So, what then should be the realistic roles of a professor? Ideally, an academic promoted as a professor in a faculty should act as the inspiration and model for providers of knowledge. They are the embodiment of knowledge and discoveries. They take charge of setting the way forward and encouraging newer members of the faculty to grow and even outgrow the professors themselves. They are working to build-up the academia further, and ensuring that the collateral impacts to societies will be significant. A professor should be able to profess in a specific domain of knowledge. They become the bridge to the outer world, i.e. with the relevant industries and stakeholders. They should venture into new pastures, and should not be worried to propose unorthodox ideas as long as they can prove its associated worthiness. Professors are often over-burdened with expectations and the long-term targets of taking academia to greater heights. They are the unofficial protectors of academia. Long live the professors!

Alas, these are just ideals which may or may not translate into realities. Professors are just human beings, and prone to mistakes and bad judgements. For them to carry the stated responsibilities (read: burdens), the rest of academia must also be ready to be considerate in accepting intermittent failures, which later could be useful for expediting the progress on the learning curve. Professors can certainly shape the uniqueness of any centre of higher learning. Their idiosyncratic behaviours and position makes them special. Hence, any centre of higher learning should be careful when promoting any academic to the status of a professor. Certainly, sometimes it doesn’t look so rosy anymore in craving to become a full professor. But, do not be disheartened, there are many other interesting perks just waiting for the energetic and budding professors. As the saying goes, “With new power, comes great responsibilities”. And, to make them more localised; we modify the saying a tiny bit, i.e. “With new title, comes great expectations”. So, think first before we even take any real actions.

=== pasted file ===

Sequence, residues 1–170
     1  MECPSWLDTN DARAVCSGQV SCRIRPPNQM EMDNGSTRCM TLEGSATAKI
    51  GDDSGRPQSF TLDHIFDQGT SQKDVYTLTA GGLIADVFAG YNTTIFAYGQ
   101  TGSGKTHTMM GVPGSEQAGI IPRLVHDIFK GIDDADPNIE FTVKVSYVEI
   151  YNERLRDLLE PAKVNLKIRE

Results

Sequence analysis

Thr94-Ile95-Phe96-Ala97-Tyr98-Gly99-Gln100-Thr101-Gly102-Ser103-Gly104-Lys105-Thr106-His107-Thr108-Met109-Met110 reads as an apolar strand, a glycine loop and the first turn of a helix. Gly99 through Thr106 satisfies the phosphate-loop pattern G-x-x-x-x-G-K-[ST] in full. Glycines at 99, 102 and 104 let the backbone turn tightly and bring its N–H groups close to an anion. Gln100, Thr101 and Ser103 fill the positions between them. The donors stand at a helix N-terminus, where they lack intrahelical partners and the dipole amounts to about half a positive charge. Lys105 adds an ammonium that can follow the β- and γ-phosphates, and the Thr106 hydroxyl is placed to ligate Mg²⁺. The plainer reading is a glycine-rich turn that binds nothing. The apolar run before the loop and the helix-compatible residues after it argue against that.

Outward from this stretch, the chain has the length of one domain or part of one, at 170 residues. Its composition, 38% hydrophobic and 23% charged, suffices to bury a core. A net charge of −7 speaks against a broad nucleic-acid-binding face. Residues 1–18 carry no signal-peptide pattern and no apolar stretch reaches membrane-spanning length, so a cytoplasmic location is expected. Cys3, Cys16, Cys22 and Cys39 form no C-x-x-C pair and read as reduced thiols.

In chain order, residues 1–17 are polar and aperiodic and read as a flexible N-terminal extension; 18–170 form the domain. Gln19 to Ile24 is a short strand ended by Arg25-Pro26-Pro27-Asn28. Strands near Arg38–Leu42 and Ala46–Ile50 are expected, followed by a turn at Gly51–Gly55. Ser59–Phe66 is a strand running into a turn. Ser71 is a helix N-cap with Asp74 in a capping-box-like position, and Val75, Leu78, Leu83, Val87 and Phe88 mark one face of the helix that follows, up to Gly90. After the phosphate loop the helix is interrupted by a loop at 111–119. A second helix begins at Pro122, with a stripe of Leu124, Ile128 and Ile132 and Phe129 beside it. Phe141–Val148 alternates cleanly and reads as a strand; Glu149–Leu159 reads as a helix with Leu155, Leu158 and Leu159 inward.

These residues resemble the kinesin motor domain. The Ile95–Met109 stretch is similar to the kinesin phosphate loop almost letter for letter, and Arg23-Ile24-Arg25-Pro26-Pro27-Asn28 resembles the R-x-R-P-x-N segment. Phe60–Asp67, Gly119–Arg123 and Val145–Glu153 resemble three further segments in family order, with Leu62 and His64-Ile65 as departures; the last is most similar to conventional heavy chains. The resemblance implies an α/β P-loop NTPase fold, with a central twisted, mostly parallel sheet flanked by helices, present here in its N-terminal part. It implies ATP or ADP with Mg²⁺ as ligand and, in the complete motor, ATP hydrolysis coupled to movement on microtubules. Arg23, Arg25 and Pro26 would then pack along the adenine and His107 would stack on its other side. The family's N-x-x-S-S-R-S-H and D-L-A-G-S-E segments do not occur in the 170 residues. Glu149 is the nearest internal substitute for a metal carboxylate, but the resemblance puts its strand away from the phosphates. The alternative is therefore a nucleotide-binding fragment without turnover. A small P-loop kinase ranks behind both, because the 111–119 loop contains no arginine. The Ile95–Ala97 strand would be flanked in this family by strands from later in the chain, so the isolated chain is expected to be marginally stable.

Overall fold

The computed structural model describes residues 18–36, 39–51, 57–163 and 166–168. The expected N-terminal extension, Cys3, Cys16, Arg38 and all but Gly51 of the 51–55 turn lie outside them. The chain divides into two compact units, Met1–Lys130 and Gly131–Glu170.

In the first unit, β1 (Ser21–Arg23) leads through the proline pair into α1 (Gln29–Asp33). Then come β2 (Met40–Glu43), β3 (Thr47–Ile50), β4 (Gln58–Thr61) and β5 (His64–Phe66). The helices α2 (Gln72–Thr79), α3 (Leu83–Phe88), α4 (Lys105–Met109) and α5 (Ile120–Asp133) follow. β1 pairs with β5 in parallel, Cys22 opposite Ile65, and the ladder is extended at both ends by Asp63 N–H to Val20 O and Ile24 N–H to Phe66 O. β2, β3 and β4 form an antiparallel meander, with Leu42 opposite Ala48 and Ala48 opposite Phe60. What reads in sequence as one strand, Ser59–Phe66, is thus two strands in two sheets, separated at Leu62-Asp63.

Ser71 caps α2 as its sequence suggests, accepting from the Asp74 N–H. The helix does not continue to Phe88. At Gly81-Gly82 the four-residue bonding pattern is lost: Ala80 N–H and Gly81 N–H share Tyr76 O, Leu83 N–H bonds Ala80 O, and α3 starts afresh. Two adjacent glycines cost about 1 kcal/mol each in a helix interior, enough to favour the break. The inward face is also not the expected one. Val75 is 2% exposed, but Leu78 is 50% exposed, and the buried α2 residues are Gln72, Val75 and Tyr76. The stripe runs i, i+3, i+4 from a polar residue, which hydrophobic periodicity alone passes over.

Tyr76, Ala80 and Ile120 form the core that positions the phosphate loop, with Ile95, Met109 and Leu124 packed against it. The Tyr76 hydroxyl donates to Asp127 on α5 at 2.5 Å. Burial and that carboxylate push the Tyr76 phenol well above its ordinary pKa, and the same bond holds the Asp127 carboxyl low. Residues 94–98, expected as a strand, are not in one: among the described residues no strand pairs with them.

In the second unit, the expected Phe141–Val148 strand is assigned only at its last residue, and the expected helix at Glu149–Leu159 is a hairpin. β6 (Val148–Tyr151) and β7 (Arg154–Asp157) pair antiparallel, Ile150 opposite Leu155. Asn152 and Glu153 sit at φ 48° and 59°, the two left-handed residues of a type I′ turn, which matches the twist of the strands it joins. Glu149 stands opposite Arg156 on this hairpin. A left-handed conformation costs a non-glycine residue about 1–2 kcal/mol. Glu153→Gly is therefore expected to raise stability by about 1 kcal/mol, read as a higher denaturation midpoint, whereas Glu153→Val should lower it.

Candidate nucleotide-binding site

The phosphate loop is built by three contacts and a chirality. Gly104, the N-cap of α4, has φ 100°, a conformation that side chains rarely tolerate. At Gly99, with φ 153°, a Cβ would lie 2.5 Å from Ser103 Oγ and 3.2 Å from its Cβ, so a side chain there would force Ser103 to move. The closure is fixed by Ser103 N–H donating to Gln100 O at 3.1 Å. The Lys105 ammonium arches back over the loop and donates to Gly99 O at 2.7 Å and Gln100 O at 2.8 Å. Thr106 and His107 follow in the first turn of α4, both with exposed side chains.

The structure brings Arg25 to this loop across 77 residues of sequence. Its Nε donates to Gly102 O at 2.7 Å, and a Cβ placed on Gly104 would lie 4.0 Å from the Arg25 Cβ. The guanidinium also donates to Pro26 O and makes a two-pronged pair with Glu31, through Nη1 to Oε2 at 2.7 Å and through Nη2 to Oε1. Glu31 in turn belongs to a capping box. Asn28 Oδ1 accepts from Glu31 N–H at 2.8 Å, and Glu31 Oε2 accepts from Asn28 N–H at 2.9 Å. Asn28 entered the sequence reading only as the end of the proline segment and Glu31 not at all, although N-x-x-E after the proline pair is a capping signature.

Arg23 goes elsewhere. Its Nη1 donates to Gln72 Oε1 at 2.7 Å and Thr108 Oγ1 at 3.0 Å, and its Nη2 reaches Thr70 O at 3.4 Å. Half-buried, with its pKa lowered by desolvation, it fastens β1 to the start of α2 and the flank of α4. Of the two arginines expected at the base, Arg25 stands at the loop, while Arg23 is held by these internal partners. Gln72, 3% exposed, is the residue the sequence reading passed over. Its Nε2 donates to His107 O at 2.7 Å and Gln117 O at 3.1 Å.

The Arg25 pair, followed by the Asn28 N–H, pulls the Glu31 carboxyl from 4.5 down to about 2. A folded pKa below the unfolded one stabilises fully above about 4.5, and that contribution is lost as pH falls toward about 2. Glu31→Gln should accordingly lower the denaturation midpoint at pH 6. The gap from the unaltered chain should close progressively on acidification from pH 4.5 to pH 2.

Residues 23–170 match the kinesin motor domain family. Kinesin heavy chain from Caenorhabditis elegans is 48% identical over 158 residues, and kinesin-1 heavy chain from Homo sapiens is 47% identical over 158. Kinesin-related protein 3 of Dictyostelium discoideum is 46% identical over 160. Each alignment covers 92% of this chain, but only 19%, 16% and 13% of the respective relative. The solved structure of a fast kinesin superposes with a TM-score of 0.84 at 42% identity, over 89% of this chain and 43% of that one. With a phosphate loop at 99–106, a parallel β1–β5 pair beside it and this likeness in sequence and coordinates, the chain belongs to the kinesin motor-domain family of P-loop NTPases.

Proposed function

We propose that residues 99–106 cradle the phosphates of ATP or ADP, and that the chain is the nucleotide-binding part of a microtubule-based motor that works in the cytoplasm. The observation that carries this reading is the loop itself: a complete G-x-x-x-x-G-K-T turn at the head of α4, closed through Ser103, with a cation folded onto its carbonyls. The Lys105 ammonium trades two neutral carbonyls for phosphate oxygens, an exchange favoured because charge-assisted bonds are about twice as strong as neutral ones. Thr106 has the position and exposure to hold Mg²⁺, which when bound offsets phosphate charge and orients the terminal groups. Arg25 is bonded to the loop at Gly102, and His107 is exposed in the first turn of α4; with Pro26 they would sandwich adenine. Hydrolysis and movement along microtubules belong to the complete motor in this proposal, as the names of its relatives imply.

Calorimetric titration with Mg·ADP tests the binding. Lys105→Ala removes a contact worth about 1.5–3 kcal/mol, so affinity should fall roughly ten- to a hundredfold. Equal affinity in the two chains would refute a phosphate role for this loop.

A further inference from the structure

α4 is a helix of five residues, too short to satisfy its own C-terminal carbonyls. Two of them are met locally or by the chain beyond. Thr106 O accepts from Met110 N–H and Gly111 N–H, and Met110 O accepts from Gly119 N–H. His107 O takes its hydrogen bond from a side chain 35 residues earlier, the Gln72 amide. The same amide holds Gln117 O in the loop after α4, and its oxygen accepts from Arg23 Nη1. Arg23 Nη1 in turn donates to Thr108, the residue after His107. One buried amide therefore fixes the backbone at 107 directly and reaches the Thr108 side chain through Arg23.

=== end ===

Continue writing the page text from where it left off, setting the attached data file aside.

The R&D research efforts into underwater robotic, sensor system and new sea-going technologies need some stronger and concrete supports from the relevant authorities. And along these novel aims, professors need to play their roles in ensuring R&D efforts are going according to the agreed plans, and fulfilling the strategic niche areas. Professors are not appointed or promoted as a self-glorifying exercise, but rather to execute some real functions (formal or informal) into the R&D or teaching/learning programmes. Professors seldom are considered “dead-wood”. But, one may easily fall into this category if one makes no effort to do otherwise. Yes, professors are entrusted with too many expectations. And yet, this is certainly and logically an expected condition. If this is not the case, what is the point of promoting them in the first place?

One a final note, I would like to wish the best of lucks to all the newly promoted professors! You are there now. Please behave accordingly. We are watching you. Be the professors that you envisioned some time ago.

p/s: Je ne suis pas encore un professeur, il est donc plus facile de blâmer les professeurs :-)


Written by : 
Assc. Prof. Dr. Mohd Rizal Arshad 
School of Electrical & Electronic Engineering 
email: This email address is being protected from spambots. You need JavaScript enabled to view it.